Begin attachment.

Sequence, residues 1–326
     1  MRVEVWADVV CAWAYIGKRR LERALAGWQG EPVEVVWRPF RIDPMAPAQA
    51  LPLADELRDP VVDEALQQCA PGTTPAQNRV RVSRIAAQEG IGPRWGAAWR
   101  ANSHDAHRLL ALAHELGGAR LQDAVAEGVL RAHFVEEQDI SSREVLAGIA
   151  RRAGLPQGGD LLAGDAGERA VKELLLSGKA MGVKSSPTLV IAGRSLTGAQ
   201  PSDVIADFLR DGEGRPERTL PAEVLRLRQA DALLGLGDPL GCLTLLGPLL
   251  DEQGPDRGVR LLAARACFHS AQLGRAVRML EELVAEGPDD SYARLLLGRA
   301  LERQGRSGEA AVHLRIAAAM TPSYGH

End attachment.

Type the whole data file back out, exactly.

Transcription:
Sequence, residues 1–326
     1  MRVEVWADVV CAWAYIGKRR LERALAGWQG EPVEVVWRPF RIDPMAPAQA
    51  LPLADELRDP VVDEALQQCA PGTTPAQNRV RVSRIAAQEG IGPRWGAAWR
   101  ANSHDAHRLL ALAHELGGAR LQDAVAEGVL RAHFVEEQDI SSREVLAGIA
   151  RRAGLPQGGD LLAGDAGERA VKELLLSGKA MGVKSSPTLV IAGRSLTGAQ
   201  PSDVIADFLR DGEGRPERTL PAEVLRLRQA DALLGLGDPL GCLTLLGPLL
   251  DEQGPDRGVR LLAARACFHS AQLGRAVRML EELVAEGPDD SYARLLLGRA
   301  LERQGRSGEA AVHLRIAAAM TPSYGH